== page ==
The Dixie Chicks' latest single, "Goodbye Earl," is stirring up controversy, with some radio stations refusing to play the song.
"Goodbye Earl" is the story of two friends who take the law into their
own hands and knock off Wanda's abusive husband, Earl. Wanda, sporting
a black eye and bruises, whips up a batch of black-eyed peas laced with
a dash of poison. The single is at No. 17 and rising on Billboard's
country singles chart.
The problem is that "a lot of people feel that it is inappropriate
sending out a message that it is OK to kill," says Travis Moon of K-102
in Minneapolis. The station airs the song with a message directing
victims to a local center. Moon says positive comments outweigh complaints.
"I love the Dixie Chicks, but I don't want to be in the position of
putting murder in someone's face," says Scott St. John of WKIX in Raleigh,
N.C., which won't air the single. Says John Pellegrini, program director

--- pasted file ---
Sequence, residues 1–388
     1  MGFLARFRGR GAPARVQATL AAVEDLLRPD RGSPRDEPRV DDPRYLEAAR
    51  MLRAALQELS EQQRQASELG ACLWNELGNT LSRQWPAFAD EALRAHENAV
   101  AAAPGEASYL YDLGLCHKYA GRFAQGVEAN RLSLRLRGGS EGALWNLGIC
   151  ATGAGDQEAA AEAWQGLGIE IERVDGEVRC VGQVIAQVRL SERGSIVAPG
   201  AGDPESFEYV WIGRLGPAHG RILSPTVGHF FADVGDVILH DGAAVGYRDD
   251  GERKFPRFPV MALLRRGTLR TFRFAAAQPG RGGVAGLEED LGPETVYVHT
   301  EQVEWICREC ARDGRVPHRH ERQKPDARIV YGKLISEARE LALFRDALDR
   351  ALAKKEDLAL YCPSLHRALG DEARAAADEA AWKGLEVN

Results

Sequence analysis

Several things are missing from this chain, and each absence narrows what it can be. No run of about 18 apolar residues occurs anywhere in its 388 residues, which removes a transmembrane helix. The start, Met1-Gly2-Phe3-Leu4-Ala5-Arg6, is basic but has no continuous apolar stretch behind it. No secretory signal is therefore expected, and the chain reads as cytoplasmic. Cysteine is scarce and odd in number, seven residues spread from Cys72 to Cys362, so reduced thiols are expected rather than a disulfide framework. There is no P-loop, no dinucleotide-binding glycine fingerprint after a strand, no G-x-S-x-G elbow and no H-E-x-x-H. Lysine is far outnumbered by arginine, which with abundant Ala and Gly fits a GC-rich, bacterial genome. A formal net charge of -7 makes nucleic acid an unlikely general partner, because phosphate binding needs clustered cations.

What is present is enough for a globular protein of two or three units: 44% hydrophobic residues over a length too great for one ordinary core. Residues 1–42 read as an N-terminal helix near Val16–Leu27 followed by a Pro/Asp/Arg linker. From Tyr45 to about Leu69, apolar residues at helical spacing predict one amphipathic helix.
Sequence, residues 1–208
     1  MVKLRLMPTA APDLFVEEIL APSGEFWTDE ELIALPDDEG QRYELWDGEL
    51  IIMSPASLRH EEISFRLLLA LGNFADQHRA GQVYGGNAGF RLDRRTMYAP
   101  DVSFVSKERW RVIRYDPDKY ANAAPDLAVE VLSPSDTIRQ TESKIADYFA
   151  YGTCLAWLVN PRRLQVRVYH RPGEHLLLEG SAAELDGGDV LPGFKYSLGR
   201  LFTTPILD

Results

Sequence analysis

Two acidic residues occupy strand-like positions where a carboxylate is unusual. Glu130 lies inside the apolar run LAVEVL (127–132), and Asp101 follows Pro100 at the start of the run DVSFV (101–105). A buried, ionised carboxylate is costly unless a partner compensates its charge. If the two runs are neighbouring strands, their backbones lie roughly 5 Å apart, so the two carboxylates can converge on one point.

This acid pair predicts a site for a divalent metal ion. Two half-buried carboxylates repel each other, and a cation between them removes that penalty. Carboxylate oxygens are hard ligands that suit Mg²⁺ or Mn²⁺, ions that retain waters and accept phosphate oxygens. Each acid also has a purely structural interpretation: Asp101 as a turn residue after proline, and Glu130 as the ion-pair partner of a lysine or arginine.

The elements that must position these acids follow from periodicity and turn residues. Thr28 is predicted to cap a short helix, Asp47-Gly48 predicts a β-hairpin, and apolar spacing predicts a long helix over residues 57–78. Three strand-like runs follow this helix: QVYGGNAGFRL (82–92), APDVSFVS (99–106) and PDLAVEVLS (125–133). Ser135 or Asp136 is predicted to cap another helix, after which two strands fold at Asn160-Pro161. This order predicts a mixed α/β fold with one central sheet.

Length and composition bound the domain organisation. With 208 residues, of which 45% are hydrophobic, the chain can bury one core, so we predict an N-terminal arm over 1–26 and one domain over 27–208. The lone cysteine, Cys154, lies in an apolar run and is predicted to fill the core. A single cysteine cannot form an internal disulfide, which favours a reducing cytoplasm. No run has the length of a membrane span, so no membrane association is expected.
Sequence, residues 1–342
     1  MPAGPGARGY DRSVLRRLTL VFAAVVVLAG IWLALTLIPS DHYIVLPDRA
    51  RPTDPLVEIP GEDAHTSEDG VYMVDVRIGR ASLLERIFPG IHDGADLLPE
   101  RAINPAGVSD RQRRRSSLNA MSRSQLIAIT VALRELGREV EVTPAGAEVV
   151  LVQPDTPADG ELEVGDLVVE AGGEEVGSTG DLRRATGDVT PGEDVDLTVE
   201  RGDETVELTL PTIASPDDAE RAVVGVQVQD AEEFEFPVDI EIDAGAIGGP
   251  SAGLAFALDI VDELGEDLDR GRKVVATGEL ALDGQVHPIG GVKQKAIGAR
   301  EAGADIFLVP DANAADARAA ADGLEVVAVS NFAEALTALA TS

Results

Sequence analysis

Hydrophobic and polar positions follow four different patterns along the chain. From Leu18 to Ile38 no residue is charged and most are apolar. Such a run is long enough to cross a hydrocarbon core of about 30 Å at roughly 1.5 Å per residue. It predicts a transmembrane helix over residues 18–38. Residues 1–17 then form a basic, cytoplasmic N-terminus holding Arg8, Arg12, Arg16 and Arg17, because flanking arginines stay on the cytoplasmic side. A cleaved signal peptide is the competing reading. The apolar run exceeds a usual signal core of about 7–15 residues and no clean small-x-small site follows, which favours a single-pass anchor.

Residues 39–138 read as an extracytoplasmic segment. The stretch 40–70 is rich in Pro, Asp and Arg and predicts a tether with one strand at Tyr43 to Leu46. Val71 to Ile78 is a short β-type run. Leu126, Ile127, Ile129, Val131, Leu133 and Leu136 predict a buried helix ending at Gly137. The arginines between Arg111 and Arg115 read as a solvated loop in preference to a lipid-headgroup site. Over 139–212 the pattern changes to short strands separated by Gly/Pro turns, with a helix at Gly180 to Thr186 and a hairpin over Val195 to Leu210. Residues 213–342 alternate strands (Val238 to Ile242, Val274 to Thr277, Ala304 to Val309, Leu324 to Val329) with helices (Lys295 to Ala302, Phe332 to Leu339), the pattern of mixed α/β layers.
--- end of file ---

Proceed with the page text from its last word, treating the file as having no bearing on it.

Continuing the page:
for WGTY in York, Pa.: "If a record company came out with a song about
a high school shooting, would the radio stations play it?"
"Goodbye Earl" (RealAudio
excerpt), written by Nashville songwriter Dennis
Linde ("Burning Love"), has sparked such debate that KRTY
in San Jose, Calif., held a town meeting about it. KRTY makes a donation
to a domestic-violence shelter each time the song airs. But there are
still hundreds of stations playing the song.
"Let's not take it too seriously. She got even, but he probably deserved
it," says Coyote Calhoun of WAMZ in Louisville, Ky.
The Dixie Chicks' label isn't worried. "Controversy is (what) the Chicks
are all about. They have an irreverent sense of humor," says Sony
Nashville's Mike Kraski. According to Country Music Television and The
Box Music Network, the video, starring Dennis Franz, has been one of
the most requested for three weeks. CMT reports few complaints; The
The Chicks' Emily Robison says, "We're not promoting murder, and we
even say that in a disclaimer on our album. Besides, is there a gentler
way to go than with black-eyed peas?"